Vasco da Gama BridgeOverview
In 1998, after 3 years of construction, the 17.2 km long Vasco da Gama Bridge near Lisbon (Portugal) was opened. The cable stayed bridge, with approach viaducts on both sides, spans the Tejo river. It is Portugal’s largest construction of all time and it is the longest bridge in Europe. To maintain unhindered navigation of ships in the Tejo river, the main section of the crossing was constructed as a cable stayed bridge with an 825 m span elevated 45 m above the river. A six lane motorway runs over the bridge with the capacity to retrofit the bridge in the future to create 8 lanes.
For the Vasco da Gama bridge mageba delivered pot bearings as well as TENSA®MODULAR expansion joints type LR8 and shock absorbers. In order to provide the two main suspension towers of the cable stayed bridge with the highest level of safety from ship impact, the modular expansion joints are fitted with mageba’s patented fuse box system and the towers are equipped with 8 shock absorbers. The fuse boxes are constructed with a predefined fracture location, so that, with a sudden extreme impact, the damage to joints, roadway and the counter bearings would be limited to an absolute minimum. A requirement of the design was to ensure that a maximum of two of the six lanes would be out of service during earthquake, allowing the passage of emergency vehicles. Under normal conditions the mageba shock absorber acts like a spring, but under earthquake conditions the flexible capacity of the absorber would be exceeded and an energy absorbing effect (up to 2150 kN) would then be activated.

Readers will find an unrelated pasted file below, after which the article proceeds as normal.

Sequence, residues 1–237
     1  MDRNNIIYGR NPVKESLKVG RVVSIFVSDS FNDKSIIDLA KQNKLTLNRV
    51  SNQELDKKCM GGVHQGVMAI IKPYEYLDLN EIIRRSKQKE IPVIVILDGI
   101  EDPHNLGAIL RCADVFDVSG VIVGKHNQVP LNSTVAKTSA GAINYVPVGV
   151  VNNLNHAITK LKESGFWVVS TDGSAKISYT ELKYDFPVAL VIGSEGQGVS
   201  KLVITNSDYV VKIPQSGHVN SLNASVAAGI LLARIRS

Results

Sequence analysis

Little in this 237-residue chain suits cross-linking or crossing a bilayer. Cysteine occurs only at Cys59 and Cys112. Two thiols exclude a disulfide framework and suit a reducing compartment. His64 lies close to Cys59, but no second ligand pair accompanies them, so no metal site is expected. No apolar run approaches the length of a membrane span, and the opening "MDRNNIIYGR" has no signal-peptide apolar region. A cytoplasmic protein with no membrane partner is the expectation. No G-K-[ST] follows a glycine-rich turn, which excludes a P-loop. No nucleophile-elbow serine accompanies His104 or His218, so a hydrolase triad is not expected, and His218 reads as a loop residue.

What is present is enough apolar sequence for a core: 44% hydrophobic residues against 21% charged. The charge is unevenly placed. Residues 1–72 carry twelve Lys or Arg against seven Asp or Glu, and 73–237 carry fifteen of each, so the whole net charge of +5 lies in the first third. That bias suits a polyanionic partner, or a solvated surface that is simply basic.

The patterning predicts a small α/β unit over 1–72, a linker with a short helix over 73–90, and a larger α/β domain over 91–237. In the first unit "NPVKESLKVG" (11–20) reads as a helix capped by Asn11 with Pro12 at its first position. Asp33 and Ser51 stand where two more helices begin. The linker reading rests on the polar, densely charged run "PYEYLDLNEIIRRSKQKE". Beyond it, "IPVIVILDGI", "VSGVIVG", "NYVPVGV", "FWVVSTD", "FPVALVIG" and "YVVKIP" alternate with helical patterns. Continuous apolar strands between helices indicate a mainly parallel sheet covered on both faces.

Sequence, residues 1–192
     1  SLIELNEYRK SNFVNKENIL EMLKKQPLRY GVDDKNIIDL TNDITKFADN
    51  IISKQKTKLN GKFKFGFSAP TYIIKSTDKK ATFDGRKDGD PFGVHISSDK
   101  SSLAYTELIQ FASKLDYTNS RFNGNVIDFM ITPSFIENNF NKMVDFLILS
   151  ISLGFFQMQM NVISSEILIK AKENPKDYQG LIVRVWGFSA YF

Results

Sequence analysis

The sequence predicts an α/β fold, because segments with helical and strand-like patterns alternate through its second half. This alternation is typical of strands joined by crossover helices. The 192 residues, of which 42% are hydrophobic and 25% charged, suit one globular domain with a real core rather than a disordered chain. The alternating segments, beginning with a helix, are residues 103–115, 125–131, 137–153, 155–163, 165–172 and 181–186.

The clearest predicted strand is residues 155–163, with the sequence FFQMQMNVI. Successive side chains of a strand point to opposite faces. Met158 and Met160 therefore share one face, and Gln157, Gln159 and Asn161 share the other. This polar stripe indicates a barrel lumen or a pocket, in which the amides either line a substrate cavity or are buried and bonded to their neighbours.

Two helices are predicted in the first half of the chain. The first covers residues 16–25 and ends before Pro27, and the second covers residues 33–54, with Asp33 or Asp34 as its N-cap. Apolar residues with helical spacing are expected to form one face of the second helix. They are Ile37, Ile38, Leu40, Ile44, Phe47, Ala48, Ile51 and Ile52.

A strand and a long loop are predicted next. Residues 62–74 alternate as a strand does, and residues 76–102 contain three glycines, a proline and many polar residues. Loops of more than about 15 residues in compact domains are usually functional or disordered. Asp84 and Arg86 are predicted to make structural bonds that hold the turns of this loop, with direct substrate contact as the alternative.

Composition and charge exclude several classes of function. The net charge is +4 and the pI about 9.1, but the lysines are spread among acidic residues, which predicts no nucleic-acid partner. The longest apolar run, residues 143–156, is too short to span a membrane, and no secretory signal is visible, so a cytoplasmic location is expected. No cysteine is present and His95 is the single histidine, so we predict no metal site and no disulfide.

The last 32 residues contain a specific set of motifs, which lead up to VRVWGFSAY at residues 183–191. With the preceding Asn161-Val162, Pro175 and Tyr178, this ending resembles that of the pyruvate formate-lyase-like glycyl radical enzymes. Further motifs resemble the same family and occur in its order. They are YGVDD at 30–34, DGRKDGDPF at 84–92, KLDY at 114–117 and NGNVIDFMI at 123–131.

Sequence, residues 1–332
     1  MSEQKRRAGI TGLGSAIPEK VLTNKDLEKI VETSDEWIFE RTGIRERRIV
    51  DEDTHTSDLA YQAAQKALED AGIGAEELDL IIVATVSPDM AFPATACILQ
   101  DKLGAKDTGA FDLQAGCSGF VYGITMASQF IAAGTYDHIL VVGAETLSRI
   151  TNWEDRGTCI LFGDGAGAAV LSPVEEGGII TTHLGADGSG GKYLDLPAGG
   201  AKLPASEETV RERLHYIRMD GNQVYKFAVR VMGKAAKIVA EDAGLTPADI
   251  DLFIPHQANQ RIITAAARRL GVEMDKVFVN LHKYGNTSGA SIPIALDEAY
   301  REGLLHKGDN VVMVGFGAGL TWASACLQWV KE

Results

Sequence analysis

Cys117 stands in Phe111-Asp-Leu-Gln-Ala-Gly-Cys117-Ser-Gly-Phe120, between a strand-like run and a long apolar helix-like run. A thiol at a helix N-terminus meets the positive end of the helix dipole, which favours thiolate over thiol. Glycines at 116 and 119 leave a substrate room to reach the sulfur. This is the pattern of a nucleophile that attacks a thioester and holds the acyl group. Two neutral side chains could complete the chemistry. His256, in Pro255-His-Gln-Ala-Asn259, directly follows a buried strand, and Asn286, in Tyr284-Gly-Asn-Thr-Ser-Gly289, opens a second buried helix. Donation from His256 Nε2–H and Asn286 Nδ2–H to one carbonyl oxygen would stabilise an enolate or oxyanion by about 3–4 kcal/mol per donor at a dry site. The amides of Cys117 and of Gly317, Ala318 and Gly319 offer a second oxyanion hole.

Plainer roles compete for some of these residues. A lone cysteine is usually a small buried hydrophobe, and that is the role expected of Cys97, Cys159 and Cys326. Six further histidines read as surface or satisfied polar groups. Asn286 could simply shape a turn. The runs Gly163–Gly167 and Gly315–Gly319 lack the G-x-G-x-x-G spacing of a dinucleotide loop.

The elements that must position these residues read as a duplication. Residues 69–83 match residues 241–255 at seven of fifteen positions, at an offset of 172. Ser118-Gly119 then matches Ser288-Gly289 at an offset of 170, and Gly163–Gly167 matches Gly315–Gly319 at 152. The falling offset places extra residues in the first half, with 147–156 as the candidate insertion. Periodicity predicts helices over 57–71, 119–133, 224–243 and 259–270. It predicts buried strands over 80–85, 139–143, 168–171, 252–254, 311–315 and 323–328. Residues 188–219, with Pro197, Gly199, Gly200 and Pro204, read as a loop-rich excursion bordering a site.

TENSA®MODULAR type LR8 / RESTON®POT / RESTON®SA
max. 2‘150 kN